Jake Lilley, senior policy advisor at financial mentors grouping FinCap, says some of those back-street lenders offer loans with interest rates pushing up towards the new limit of 292 percent per annum. That sounds outrageous, and it is, but when it’s presented as a daily rate (0.8 percent) to an individual or small business operator struggling for finance, it may not sound so scary.

There are disclosure requirements, he says, but often these loans are made to people who are stressed. “A classic example I hear is someone who needs a car within the next week. They’re sitting in a car yard after getting their kids there, all the rest of the things you do when you don’t have a car already, and a salesman saying, ‘oh, we’re closing in five minutes, you need to find this quickly’.”

“Where a bank lender, through a robust process, has turned down lending as it was unaffordable then another lender approving a more expensive option will be subject to the exact same requirements and have some serious questions to answer,” Lilley says. “Especially where this leads to a whānau going without kai, to pay.”

Despite the criticism from those in more secure financial situations, he and Eccleton agree the new Credit Contracts law and regulations are helping financial mentors fix up the messes caused by predatory lenders much more efficiently, with far less stress for the whānau they assist.

Personal consumer borrowing from banks and other lenders first dropped away in the pandemic, then the decline was continued by the new Credit Contracts Act. Source: Reserve Bank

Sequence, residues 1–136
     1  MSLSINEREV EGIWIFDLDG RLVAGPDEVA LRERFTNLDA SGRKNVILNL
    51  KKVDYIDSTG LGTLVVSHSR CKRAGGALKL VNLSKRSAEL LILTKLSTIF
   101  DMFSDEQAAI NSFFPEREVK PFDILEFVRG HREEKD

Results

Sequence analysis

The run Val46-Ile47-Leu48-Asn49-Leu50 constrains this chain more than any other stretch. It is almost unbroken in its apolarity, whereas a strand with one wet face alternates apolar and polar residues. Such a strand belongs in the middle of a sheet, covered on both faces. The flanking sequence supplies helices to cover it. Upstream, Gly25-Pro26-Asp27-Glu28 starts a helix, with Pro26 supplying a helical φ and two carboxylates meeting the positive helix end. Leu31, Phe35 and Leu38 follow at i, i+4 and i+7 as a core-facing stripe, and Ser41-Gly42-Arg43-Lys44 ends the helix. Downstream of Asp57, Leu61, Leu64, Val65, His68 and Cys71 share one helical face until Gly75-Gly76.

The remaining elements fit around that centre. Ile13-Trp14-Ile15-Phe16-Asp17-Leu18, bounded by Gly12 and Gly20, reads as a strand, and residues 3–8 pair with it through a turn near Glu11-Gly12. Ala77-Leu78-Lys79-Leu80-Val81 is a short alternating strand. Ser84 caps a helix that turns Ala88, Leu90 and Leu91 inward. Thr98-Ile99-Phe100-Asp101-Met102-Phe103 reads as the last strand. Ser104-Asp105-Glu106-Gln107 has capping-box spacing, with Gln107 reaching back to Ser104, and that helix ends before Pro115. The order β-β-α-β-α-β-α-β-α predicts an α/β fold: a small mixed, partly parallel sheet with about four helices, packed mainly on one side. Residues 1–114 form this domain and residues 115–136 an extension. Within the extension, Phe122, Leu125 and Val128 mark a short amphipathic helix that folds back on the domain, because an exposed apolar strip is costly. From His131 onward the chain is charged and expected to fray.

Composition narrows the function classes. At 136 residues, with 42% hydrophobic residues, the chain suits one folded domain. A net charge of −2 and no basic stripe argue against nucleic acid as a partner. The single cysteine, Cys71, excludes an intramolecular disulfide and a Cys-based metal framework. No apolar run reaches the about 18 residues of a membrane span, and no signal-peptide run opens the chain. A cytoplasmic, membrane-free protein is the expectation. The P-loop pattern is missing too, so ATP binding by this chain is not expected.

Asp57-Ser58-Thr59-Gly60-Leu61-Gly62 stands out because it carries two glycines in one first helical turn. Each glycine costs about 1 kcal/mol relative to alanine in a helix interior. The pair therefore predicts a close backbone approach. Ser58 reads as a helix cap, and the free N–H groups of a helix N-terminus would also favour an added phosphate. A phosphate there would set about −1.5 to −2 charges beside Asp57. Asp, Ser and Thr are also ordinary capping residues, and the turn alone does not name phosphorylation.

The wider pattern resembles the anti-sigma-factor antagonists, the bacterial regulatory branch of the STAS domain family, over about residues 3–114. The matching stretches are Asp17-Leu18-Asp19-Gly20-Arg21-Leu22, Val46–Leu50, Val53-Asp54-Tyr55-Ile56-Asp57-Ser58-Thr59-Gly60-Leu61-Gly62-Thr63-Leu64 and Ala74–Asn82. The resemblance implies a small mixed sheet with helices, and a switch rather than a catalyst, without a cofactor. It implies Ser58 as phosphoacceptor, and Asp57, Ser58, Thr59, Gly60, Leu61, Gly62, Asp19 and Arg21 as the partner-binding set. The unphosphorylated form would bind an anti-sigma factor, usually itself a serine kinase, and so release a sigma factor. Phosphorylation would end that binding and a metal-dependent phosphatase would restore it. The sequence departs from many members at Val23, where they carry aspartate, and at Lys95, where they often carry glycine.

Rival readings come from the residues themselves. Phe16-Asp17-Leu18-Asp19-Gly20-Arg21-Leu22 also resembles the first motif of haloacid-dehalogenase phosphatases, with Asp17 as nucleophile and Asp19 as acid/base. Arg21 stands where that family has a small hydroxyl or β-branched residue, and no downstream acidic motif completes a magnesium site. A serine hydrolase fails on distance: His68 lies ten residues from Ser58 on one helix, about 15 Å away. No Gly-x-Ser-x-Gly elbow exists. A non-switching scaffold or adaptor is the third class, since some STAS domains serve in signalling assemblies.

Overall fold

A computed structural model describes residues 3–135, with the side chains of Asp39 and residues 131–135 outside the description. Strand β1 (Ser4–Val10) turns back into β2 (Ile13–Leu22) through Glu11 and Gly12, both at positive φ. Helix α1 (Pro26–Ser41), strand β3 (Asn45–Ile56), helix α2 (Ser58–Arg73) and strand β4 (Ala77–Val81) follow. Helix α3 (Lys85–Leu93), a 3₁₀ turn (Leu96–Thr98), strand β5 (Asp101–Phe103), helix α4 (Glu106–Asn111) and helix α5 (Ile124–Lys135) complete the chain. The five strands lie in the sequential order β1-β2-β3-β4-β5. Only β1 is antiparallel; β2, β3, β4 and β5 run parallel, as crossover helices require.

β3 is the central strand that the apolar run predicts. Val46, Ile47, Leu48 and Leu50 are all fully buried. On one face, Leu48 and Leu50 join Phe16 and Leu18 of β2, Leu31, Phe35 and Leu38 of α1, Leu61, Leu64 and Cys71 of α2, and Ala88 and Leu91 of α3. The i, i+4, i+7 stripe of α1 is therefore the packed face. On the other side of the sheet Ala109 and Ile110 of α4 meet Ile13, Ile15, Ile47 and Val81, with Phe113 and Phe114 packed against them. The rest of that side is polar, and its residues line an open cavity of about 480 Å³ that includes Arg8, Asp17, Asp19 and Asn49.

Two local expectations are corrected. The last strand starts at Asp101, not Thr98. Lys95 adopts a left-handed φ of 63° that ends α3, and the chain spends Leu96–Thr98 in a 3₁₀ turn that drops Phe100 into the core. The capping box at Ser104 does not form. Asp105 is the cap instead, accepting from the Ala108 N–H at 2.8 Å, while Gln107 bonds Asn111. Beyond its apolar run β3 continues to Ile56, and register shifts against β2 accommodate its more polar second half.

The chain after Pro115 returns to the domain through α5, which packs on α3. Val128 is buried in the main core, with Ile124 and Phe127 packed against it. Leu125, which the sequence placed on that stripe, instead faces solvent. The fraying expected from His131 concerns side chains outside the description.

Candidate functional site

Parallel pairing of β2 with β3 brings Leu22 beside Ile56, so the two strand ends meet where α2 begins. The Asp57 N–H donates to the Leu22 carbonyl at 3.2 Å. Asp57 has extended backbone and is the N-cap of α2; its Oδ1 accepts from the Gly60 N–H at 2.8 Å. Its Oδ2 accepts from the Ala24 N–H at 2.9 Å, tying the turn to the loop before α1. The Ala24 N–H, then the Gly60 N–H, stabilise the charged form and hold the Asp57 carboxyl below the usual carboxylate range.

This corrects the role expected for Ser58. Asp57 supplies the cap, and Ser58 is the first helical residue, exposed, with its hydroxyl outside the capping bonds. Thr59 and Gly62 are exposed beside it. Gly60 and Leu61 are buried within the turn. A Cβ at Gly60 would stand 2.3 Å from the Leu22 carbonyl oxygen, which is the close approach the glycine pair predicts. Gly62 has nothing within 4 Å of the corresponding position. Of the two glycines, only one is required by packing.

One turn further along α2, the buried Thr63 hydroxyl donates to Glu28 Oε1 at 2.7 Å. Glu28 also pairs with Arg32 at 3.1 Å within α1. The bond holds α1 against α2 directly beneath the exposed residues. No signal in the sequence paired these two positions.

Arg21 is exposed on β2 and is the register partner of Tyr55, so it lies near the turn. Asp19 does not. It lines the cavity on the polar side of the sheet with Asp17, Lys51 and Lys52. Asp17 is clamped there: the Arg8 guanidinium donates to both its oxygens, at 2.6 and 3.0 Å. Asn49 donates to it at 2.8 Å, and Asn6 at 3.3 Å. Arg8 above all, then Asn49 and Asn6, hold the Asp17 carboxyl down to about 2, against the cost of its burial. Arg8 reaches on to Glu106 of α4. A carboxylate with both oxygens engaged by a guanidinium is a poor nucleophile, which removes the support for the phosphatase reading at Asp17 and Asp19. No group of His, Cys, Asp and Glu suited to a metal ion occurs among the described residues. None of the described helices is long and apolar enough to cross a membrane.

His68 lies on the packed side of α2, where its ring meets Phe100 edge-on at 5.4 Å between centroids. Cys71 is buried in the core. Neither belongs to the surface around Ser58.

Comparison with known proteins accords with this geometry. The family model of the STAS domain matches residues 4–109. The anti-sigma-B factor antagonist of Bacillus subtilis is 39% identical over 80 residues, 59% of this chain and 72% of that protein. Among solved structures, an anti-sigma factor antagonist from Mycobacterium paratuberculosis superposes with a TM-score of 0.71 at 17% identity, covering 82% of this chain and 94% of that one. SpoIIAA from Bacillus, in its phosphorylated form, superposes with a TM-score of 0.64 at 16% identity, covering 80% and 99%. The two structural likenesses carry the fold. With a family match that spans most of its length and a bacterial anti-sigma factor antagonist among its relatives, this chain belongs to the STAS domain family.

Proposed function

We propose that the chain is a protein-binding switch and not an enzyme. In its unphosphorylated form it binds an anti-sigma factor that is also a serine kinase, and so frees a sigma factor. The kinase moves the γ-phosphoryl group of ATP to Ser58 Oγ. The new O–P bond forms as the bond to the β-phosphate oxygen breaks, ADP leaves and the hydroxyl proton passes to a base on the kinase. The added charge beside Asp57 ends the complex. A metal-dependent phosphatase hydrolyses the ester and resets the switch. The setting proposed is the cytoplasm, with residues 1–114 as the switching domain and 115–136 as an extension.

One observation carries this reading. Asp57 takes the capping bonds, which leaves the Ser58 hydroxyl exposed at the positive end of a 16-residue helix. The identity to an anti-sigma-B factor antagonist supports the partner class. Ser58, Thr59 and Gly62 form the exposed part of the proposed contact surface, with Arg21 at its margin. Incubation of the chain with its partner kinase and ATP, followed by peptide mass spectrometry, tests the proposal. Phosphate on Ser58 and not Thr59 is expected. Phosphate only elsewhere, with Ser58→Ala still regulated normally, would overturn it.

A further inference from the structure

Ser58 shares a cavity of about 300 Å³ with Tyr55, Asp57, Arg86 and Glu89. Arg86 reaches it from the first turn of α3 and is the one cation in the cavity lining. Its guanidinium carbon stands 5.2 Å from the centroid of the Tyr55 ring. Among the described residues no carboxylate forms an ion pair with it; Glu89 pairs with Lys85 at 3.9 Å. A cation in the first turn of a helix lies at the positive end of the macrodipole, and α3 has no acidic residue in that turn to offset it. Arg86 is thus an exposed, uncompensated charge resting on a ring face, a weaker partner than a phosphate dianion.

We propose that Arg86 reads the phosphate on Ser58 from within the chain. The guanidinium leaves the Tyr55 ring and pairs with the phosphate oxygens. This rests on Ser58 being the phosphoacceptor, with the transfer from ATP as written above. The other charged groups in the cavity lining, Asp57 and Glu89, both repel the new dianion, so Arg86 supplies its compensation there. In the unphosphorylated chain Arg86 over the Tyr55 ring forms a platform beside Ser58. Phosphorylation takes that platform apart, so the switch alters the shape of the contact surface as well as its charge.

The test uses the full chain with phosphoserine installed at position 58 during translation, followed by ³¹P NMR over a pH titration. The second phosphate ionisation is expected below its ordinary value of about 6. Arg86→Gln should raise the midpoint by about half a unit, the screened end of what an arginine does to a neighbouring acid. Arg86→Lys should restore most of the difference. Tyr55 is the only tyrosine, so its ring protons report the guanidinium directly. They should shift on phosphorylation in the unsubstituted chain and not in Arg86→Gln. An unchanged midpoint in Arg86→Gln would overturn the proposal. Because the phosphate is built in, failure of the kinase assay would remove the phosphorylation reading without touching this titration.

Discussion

Huggins is very clear that he and the bank are 100 percent supportive of the objective of the new law, but there remain a few wrinkles still to smooth. “If you want to extend further credit to someone, even for one of those emergency situations, you need to do a full servicing assessment. And they must pass that servicing assessment. Otherwise, you’re in breach of this regulation.”

He says the bank is talking with officials, and they agree this is an area that should be fixed.

“We see the intent of the CCCFA as being the right intent. You want to ensure that customers can afford their loans – that’s in everyone’s interest. It’s in a customer’s interest and it’s certainly in my interest to make sure the customer can afford to pay their loan back.

“I think New Zealand banks traditionally have been very good at that. We haven’t seen huge arrears, when you compare the New Zealand banks and the BNZ to others globally.”

But the regulations still limit, quite substantially, banks’ discretion on lending decisions. “And so that knowledge that we’ve built up over 160 years, of what is a good thing to do, is restricted under the new legislation. And as you say, it means that credit availability is lower.”

In a Cabinet paper, Commerce Minister David Clark says financial mentors tell him that an unexpected expense may push people over the edge, “going without essentials or living off food parcels in order to meet payments”. He has declined to target specific high-risk lenders, or to rule out safer bets like banks and mortgage lending.

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Newsroom Pro managing editor Jonathan Milne covers business, politics and the economy.